Roseli: Were there ever a moments in your life when you wished I wasnt a teacher?

Because the fact you’re a teacher has never had a negative side for me. On the contrary, it has helped me , my daughter and my son . A lot, by the way.

Roseli: Was there ever a moment when you were very proud of something I did as a teacher?

Many times. But mainly when I realised you are internationally recognised as an educator presenting in international conferences, writing materials with famous authors for international and respected publishers. And also when you your blog received an award after only four months of blogging and…many many times throughout all these years.

Roseli: How do you think me being a teacher has made life more complicated for you?

I don’t see any! How could I? I’m a doctor!

Roseli: Do you think I am well suited to be a teacher?

I do because you demonstrate excitement and happiness when you are simply preparing a lesson. It makes me happy because, like me, you love what you do. If you are happy, I’m happy.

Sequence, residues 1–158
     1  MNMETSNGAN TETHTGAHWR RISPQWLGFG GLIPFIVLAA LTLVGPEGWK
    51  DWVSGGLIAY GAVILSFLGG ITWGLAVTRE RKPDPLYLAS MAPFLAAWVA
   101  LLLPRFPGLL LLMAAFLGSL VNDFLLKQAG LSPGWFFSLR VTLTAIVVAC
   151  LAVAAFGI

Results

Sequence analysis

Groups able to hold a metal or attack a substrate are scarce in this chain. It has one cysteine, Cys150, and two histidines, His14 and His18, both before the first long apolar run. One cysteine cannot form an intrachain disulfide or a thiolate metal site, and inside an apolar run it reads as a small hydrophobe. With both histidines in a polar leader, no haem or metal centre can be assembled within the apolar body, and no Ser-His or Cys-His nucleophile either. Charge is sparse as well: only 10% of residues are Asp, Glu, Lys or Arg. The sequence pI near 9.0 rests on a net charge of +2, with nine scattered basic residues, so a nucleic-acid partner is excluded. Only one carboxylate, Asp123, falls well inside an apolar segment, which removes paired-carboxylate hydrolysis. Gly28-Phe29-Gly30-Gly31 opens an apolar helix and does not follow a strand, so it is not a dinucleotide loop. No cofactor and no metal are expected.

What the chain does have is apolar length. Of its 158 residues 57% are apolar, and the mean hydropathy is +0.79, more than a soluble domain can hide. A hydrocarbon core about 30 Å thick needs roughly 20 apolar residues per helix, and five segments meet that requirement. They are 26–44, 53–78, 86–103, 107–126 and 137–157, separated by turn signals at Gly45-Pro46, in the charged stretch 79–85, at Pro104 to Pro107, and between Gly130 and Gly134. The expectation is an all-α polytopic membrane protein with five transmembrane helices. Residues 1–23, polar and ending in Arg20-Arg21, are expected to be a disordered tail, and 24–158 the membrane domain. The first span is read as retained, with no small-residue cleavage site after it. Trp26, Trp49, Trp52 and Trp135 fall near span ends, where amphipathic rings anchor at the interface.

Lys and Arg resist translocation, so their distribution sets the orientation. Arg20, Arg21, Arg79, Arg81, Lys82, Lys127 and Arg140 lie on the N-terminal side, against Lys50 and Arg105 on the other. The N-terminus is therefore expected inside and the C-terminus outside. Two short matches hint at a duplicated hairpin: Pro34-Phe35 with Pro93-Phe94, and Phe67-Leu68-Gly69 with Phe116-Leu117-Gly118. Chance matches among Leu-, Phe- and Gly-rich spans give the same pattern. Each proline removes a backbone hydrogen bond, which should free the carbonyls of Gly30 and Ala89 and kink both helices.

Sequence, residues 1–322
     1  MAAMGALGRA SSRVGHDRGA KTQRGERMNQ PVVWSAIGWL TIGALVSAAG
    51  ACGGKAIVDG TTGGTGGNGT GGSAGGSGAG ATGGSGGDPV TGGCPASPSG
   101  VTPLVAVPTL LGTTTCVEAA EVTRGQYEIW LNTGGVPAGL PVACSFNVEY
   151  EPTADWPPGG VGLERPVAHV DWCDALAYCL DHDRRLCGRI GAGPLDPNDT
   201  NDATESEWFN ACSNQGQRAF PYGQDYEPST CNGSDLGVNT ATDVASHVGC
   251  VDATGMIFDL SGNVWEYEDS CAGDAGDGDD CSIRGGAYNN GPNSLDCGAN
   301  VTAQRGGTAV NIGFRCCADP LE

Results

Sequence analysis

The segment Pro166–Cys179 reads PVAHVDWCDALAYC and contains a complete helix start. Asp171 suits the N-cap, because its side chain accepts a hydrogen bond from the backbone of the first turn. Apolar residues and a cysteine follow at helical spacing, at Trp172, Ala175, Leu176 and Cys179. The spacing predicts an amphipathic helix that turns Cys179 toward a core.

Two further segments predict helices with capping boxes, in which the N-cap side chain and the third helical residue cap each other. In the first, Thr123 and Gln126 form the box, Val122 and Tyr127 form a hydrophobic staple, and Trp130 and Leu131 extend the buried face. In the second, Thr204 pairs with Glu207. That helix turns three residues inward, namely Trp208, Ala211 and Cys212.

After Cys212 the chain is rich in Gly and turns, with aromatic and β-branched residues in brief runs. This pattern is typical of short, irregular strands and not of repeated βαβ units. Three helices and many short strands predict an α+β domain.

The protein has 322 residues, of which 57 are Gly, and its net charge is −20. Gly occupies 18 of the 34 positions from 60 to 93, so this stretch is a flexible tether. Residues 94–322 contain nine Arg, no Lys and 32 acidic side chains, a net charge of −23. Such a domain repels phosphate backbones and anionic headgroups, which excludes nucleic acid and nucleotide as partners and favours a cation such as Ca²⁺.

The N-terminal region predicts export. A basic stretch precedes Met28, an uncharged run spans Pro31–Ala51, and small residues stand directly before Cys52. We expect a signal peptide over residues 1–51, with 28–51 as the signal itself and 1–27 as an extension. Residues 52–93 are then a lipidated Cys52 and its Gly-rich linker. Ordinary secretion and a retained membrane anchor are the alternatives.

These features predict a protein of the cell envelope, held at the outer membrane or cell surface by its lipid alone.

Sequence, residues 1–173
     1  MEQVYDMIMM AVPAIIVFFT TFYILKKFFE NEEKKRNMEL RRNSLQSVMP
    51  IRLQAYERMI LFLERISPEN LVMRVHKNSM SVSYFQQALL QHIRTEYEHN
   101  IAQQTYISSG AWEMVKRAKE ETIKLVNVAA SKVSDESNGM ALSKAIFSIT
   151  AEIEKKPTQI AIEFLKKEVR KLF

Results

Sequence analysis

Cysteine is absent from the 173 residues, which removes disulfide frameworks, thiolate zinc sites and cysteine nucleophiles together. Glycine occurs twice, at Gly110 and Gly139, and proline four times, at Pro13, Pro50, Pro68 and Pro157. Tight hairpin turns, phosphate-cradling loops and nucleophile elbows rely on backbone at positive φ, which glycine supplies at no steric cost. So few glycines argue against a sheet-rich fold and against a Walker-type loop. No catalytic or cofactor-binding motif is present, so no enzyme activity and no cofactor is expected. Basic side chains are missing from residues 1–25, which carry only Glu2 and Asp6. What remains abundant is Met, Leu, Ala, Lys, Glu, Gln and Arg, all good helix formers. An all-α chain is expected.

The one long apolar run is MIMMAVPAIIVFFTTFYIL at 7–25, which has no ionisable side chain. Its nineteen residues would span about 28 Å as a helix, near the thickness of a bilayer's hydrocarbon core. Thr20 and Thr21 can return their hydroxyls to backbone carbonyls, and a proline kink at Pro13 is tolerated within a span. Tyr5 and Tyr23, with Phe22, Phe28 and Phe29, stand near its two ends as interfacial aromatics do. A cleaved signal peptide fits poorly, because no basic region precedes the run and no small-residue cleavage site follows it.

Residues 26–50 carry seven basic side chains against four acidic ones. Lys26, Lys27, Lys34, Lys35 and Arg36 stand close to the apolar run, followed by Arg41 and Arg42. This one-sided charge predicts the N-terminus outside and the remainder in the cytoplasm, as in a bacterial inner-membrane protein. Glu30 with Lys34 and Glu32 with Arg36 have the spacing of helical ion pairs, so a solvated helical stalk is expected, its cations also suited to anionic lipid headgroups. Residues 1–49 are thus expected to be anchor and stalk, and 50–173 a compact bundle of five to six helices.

Roseli: Why do you think I became a teacher?

Because you were not happy being only a psychologist in a closed office or hospital. I remember you feeling very sad because you wanted to help people learn and when I saw you teaching private lessons at our first house, your eyes shined like stars.

Roseli: Why do you think I continue to be a teacher now?

Because of your natural skills as a teacher and as an educator. But I also think you feel tired and lately, often, you are not happy because you want to fix things you cannot. In addition, you are really underpaid. Teachers are underpaid in our country and not valued as they shoud be. What a shame!

Roseli: Do you have any message for other family members of teachers around the world?

Be proud of them. Be patient with them. Support them always. They carry the world upon their shoulders. Never forget it!